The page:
Germany has an election process so complex that some Germans don't understand it.
Every four years, voters elect members of the Bundestag, the legislative branch of the German government based in Berlin. This year's parliamentary elections are set to take place Sept. 24 and will ultimately determine the country's next chancellor.
Germans will cast two votes: one for a candidate in their constituency and one for a political party. The process is called a personalized proportional representation system. Simply put, Germans vote to decide how the 598 base seats in the Bundestag will be divided among members of Germany's various political parties.
"The Germans are all about proportion," said Jackson Janes, president of the American Institute for Contemporary German Studies at Johns Hopkins University. "The two votes boil down to what's their favorite guy who represents them in their districts and what's their favorite team that will represent them in the Bundestag."
The first vote, on the left side of the ballot, is a direct vote for a member of parliament in that constituency, similar to Americans voting for a congressional reprentative in their district. There are 299 constituencies in Germany, so direct votes make up roughly half of the seats in the Bundestag.
The second vote, on the right side of the ballot, is for a political party. Parties in Germany's 16 states put together lists of candidates; the results from the second votes determine which candidates make it off the lists to the remaining 299 seats in parliament. Parties need to receive at least 5 percent of the second votes in a state to qualify for a seat.
The system starts to get complicated when Germans split their votes, meaning they vote for a candidate from one party in the first vote and for a different political party in their second vote. That can throw off the balance of seats in parliament so that one party is more strongly represented than they should be based on the results of the proportionate second votes.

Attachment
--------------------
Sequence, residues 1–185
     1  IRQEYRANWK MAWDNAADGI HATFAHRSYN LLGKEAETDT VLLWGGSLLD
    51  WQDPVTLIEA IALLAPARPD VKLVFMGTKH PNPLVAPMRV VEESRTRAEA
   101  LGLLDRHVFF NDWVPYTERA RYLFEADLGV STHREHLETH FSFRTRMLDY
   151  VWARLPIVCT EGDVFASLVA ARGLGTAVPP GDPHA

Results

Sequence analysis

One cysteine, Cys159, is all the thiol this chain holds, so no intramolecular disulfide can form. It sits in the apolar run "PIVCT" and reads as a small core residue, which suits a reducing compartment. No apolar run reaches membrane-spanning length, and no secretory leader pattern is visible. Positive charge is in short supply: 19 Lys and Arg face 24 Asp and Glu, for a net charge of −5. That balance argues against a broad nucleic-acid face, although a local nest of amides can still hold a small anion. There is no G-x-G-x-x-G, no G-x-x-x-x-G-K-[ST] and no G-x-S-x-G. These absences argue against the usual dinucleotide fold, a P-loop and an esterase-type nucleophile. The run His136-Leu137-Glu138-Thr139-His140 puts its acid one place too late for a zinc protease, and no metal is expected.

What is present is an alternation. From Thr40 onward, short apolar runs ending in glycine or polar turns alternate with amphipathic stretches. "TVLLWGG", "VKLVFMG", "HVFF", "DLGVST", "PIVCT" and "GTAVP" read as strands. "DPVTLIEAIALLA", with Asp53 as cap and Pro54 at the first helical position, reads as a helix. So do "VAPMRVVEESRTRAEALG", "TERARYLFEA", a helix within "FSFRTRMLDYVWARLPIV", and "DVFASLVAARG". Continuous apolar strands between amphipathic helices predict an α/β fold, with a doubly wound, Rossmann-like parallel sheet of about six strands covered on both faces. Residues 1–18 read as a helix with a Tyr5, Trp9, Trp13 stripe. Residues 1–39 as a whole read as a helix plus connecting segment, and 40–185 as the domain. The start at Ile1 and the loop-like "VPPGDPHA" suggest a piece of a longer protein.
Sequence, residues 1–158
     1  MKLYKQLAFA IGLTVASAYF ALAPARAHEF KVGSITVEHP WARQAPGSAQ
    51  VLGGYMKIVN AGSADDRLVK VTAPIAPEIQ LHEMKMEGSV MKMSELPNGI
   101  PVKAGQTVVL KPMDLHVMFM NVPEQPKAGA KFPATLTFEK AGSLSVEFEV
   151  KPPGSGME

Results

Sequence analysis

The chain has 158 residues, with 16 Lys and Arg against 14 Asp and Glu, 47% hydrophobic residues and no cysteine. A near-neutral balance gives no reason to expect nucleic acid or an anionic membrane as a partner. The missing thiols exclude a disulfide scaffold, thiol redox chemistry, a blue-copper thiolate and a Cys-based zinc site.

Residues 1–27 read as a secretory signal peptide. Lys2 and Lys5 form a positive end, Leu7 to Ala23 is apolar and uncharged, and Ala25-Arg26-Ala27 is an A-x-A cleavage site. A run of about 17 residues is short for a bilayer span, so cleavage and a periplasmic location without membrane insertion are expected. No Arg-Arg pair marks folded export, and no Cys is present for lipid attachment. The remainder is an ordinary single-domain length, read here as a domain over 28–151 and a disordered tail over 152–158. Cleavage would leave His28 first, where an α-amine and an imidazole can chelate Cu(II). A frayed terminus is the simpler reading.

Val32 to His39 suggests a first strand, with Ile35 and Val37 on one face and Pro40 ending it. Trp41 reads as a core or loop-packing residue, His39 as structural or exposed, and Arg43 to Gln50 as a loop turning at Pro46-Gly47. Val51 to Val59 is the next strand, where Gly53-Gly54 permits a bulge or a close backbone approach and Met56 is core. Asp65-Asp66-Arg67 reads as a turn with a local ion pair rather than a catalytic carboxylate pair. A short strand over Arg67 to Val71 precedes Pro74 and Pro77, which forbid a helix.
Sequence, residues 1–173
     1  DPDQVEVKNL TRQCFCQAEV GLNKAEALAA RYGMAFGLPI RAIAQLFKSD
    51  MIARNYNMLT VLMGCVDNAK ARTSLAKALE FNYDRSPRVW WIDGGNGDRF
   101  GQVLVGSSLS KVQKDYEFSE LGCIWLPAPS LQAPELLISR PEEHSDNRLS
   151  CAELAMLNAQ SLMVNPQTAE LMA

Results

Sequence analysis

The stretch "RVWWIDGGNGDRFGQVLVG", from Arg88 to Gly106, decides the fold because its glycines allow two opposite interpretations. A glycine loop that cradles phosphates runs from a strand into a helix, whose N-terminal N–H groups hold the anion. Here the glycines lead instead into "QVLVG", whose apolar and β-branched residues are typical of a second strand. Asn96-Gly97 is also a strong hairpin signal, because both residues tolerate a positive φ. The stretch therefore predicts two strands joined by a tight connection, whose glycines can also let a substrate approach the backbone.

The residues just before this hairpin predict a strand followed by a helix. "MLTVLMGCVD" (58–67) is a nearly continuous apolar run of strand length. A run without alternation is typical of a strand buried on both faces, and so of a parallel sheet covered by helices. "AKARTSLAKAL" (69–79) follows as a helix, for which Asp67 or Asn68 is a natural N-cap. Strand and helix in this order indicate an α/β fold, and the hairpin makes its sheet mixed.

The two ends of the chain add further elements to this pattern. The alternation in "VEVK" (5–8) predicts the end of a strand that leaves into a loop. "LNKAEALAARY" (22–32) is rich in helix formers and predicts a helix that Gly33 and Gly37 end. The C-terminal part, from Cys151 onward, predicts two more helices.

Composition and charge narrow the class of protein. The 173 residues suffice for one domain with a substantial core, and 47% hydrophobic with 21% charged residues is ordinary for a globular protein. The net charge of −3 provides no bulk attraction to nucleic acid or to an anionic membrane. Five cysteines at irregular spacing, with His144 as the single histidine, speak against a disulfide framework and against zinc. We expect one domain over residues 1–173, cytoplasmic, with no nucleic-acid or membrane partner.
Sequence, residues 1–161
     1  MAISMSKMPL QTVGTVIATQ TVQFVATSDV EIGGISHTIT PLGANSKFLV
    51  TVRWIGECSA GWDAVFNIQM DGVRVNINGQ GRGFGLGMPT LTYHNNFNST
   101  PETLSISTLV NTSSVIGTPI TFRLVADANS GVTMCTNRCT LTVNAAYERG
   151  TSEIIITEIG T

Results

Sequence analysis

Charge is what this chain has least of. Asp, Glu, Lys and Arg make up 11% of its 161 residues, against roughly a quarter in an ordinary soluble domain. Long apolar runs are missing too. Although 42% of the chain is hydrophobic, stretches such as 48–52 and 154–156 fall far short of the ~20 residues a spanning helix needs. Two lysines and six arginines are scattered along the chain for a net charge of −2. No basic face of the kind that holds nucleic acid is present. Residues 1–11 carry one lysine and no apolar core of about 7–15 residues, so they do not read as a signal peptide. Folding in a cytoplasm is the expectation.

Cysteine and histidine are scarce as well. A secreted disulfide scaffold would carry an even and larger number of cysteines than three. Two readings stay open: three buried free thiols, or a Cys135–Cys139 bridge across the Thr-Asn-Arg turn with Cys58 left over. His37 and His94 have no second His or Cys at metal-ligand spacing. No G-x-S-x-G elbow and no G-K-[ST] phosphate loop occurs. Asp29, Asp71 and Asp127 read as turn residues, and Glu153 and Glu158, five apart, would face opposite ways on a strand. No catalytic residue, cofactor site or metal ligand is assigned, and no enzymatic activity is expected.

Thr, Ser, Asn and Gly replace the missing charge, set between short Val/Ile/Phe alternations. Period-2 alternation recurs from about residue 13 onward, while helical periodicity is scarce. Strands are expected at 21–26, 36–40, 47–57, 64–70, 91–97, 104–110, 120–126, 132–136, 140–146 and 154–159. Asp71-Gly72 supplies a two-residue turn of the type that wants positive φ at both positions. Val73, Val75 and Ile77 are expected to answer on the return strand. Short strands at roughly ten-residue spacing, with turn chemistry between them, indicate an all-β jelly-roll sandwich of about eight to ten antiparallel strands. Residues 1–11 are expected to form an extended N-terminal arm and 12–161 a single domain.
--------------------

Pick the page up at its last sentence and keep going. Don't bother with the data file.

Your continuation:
So Germans created "overhang" and "balance seats." Those are extra seats in the Bundestag that ensure every candidate who was directly elected gets a seat while political parties are still proportionally represented based on the number of votes they received. A German state's population is taken into consideration when votes are converted into seats.
After Germany's 2013 parliamentary elections, there were 631 seats in the Bundestag, including 33 overhang and balance seats.
The newly-elected Bundestag votes for Germany's chancellor. A chancellor needs to receive an absolute majority, more than half, of the votes in parliament to be elected.
That is where coalitions come into play. Because there are several political parties represented in the Bundestag, it's unusual for a chancellor to receive an absolute majority of votes from only his or her party. To secure more than half of the votes, a larger party may team up with smaller parties to form a coalition government.
"In the case where the party that gets the most votes can't work with the smaller kingmaker party, sometimes you also have a coalition between the two major parties," said Sudha David-Wilp, a senior transatlantic fellow at the German Marshall Fund.
In the 2013 elections, Angela Merkel's Christian Democratic Union (CDU) and its sister party Christian Social Union (CSU) teamed up with the Social Democratic Party (SPD) to form a grand coalition. Once a coalition is formed, members of the Bundestag vote to elect the chancellor.
Many Germans saw the failure of the pre-World War II Weimar Republic as the failure of the country's fragmented parliamentary system.
After World War II, the Federal Republic of Germany transferred power from the President toward the Bundestag and encouraged political majorities to pass legislation. Germany's current system emphasizes a strong party discipline between the executive and legislative branches, according to Josef Braml of the German Council on Foreign Relations.
"Important functions are done by political parties," Braml said. "They feel the pulls of the electorate, and they transform it into policy proposal."
The 5 percent vote threshold for political parties also makes it harder for extremist groups to get in power, Janes posited.
"I think in general it's a system that's been stable as a rock for the last 70 years," he said.